ST. THOMAS- Members of the Committee on Housing, Transportation, Infrastructure and Telecommunications chaired by Sen. Marvin Blyden, convened in a meeting at the Capitol Building on Tuesday, to receive testimony on the status of Housing in the Territory.
The Virgin Islands Housing Authority (VIHA) public housing operations are as follows: For FY 2018 VIHA received a total of $46,525,937 of Federal Funds. The breakdown is as follows: Public Housing Subsidy is $20,952,312, Public Housing Capital Fund is $9,553,554, Housing Choice Voucher Administration Fee is $1,865,490 and the Housing Voucher Choice Fund is $14,154,581. Sen. Alicia Barnes inquired about the impact to service Section 8 clients despite rent inflation. VIHA Director of the Housing Choice Voucher Program Akala Anthony stated that the allocation of over $14 million equivalents to 17,000 vouchers for 1,750 families with the inflation of rent. The inflation prices adversely affect the ability to house more families of which there are 2400 applicants on a waiting list.
In response to Sen. Blyden’s inquiries on the number of active tenant councils per community and the hinderances of resident participation in leadership council positions; VIHA Executive Director Robert Graham noted that out of 26 housing communities there are three active Resident Councils with elected officers. The community centers are utilized for afterschool programs and daycare for the Dept. of Human Services. The lack of tenant council leaders is due to the responsibility of an advocate to take a stance against guns, gangs, and drugs in the neighborhood. Many are hesitant and fear retaliation because of those challenges.
Post Hurricanes Irma and Maria, the Lucinda Millin Homes elevator was damaged. However, some of the woes facing the Lucinda Millin Homes are the units were small, there was a lack of amenities and healthcare facilities, and the structure of the edifice was built with inexpensive materials. Sen. Athneil Thomas inquired about the relocation plans for the Lucinda Millin Homes and the Tutu Hi-Rise. Graham stated that VIHA’s Portfolio Repositioning Strategy is to replace the edifice with new senior housing at Oswald Harris Court. As it relates to the Tutu Hi-Rise, demolition plans are on hold due to VIHA awaiting final approval from FEMA for the Project Worksheet 390. The VIHA’s Portfolio Repositioning Strategy is to replace the Tutu Hi-Rise and relocate family and senior units to three locations.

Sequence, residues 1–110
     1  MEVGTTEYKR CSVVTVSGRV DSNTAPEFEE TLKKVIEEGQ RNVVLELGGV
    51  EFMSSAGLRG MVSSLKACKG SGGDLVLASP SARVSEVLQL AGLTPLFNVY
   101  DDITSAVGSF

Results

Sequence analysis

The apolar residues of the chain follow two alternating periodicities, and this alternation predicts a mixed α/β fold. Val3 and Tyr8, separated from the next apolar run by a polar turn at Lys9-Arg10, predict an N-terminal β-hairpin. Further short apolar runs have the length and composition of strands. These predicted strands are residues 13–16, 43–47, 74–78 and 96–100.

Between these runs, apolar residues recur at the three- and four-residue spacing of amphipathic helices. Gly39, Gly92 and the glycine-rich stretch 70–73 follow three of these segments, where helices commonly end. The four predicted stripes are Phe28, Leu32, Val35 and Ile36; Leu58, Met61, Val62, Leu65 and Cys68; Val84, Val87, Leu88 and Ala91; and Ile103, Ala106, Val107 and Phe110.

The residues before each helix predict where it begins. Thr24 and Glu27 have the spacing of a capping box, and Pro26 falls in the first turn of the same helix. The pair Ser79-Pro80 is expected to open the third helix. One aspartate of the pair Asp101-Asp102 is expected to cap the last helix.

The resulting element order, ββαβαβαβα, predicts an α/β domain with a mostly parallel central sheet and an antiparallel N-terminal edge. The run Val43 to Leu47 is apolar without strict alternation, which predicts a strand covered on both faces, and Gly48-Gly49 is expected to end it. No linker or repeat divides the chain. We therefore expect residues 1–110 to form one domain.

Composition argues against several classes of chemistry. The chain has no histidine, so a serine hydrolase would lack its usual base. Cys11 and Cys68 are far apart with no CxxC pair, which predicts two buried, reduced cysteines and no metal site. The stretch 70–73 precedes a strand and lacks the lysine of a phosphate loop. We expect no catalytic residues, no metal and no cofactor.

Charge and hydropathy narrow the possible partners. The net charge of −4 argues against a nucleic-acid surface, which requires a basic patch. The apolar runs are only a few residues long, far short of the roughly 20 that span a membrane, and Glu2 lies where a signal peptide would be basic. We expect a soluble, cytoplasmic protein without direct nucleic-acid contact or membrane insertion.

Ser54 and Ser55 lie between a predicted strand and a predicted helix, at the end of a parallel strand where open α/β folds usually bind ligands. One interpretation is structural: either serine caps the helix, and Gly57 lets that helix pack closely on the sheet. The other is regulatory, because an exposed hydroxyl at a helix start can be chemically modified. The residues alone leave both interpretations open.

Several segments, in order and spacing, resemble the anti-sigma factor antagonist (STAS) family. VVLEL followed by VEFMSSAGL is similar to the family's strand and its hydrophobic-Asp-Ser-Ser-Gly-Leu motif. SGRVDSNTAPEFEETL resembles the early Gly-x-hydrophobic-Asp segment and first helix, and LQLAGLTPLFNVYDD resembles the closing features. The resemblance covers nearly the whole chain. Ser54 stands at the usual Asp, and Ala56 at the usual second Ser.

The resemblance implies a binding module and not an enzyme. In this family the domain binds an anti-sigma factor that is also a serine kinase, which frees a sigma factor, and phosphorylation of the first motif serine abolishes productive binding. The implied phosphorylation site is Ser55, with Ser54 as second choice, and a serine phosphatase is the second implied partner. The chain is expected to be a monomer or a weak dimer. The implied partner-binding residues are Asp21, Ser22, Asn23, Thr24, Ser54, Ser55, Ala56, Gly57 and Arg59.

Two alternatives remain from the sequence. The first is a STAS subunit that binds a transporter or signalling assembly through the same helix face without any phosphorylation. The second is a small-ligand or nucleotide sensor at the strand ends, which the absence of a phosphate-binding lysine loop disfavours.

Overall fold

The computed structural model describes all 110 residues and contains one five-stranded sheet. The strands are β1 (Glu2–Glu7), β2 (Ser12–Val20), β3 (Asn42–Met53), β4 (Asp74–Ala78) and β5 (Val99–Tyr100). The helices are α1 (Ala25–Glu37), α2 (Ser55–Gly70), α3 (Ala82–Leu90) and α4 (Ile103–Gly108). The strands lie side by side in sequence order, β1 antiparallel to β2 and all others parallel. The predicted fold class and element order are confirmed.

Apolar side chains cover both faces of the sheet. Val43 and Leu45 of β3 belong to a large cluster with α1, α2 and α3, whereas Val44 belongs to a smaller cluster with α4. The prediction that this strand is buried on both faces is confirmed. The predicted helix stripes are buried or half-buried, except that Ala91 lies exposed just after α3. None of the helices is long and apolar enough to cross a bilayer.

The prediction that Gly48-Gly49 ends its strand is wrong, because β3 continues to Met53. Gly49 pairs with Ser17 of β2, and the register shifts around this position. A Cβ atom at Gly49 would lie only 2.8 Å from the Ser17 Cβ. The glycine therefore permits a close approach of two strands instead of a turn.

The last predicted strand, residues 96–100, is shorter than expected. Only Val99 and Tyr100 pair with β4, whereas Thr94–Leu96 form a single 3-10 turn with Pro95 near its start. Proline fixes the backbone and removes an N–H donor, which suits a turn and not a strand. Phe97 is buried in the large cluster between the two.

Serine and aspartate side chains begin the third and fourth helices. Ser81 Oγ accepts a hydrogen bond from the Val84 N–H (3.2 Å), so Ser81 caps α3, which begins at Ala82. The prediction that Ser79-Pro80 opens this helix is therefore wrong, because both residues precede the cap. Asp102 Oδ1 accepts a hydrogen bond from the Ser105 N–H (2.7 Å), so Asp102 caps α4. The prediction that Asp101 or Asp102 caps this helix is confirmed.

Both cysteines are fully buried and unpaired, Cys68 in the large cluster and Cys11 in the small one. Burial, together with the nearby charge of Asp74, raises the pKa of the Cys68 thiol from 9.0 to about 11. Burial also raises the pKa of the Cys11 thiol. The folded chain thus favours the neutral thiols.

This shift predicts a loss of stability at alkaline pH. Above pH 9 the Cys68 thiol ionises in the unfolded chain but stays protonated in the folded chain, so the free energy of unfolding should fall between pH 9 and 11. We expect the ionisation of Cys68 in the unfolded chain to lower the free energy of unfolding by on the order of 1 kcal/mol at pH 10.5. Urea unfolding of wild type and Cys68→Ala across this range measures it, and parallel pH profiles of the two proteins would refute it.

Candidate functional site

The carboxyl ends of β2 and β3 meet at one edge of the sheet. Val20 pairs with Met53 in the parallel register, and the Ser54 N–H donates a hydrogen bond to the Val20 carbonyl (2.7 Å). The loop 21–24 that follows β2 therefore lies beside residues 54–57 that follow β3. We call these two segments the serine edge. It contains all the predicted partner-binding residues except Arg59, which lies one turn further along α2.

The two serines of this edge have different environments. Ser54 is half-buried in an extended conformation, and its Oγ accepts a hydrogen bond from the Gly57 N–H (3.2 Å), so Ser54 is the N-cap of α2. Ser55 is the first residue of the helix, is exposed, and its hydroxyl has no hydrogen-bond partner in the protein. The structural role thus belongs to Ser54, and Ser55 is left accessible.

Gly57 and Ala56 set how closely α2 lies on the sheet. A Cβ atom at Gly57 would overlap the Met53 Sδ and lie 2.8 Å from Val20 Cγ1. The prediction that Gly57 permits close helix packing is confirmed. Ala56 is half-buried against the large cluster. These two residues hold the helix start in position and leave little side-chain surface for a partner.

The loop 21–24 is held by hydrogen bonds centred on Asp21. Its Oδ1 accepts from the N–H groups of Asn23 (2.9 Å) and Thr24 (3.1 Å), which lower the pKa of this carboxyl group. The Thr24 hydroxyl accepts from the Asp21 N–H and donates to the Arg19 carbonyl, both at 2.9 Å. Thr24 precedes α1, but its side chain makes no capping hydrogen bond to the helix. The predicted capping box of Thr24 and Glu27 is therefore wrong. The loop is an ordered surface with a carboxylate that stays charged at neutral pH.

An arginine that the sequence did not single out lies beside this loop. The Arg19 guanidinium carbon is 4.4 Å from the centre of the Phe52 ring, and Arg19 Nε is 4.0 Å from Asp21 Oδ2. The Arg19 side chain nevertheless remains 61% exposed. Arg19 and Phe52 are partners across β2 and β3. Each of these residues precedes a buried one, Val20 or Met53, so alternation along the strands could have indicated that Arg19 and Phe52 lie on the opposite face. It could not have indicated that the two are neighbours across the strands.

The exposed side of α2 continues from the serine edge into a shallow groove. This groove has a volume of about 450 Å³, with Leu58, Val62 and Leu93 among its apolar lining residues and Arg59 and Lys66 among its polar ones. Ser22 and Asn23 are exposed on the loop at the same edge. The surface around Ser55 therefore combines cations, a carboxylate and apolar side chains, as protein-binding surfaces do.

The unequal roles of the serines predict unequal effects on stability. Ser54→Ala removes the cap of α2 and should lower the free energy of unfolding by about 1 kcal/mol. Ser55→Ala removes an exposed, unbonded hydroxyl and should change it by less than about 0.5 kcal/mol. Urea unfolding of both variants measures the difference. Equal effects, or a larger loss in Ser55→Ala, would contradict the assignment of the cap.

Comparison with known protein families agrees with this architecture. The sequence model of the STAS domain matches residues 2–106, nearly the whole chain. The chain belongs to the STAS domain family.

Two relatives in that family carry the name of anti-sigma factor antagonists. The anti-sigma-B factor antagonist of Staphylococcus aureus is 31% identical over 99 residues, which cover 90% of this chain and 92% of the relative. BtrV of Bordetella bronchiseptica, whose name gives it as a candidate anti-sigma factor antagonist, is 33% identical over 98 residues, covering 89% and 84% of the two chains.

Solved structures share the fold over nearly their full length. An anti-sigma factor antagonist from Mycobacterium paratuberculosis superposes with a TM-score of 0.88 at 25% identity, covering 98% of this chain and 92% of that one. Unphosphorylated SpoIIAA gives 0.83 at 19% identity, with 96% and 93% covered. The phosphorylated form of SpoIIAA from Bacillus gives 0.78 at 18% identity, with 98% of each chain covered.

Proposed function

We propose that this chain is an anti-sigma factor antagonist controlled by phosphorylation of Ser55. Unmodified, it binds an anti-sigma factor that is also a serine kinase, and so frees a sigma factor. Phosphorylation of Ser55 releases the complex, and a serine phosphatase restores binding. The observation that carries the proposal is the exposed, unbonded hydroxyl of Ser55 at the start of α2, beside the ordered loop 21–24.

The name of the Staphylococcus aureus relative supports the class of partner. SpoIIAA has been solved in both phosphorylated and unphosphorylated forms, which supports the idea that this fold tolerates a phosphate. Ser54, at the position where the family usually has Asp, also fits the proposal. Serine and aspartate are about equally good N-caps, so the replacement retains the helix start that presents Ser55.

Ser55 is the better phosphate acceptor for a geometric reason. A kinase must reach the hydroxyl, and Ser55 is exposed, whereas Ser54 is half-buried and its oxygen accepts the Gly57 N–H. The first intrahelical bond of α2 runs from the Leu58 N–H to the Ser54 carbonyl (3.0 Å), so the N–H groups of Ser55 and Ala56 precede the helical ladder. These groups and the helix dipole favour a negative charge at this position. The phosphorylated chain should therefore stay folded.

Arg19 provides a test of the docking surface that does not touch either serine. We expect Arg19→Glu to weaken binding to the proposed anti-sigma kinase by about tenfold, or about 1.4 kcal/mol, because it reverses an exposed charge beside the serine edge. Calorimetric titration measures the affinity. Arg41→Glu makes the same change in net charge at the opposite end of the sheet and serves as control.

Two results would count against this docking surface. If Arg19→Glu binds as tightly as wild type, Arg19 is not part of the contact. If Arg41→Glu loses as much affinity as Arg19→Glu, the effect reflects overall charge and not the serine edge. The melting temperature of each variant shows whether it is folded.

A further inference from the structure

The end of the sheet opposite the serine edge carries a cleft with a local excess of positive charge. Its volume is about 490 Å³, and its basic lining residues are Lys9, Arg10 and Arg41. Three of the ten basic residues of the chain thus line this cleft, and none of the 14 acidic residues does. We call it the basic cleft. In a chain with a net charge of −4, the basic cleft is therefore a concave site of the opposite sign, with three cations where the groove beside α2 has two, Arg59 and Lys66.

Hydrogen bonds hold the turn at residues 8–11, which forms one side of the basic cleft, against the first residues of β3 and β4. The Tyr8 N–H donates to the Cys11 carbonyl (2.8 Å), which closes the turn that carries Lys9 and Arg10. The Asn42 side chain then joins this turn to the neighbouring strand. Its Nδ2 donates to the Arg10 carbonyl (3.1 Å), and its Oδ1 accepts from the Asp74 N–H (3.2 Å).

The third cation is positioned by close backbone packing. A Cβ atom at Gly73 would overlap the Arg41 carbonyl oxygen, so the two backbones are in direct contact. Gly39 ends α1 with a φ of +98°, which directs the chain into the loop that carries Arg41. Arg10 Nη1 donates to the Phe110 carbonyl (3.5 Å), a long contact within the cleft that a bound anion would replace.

Separately, the Catholic Charities of the Virgin Islands Inc. (CCVI) and the Virgin Islands Housing Finance Authority (VIHFA) shared an update.
Presently, CCVI St. Thomas location, is the only emergency shelter throughout the Territory. The shelter on St. Croix is inoperable because of damages sustained by Hurricane Maria in 2017. CCVI Executive Director Andrea Shillingford noted that one of the significant challenges is inadequate mental health and substance abuse treatment services which is a contributing factor to homelessness. Shortly, plans are inclusive of replacing and upgrading the Bethlehem House on St. Thomas and to open eleven apartment units on St. Croix to house single men.
The VIHFA was awarded $242,684,000 with an additional $779,217,000 totaling $1,021,901,000 from the U.S. Virgin Islands Community Development Block Grant Disaster Recovery Action Plan. Since then, the department hired twenty employees to implement plans to increase housing and community development with the primary goal of creating opportunities for affordable homeownership throughout the Territory. Some of the targeted locations for first-time home-owners in the St. Croix District are Bonne Esperance, Cotton Valley, Estate Mount Pleasant, and Estate Solitude. In the St. Thomas-St. John District there will be homeownership opportunities at Whispering Hills, Estate Nazareth, Estate Fortuna, Ross Taarneberg, Queen Louise Apartments, and Estate Bethany. ###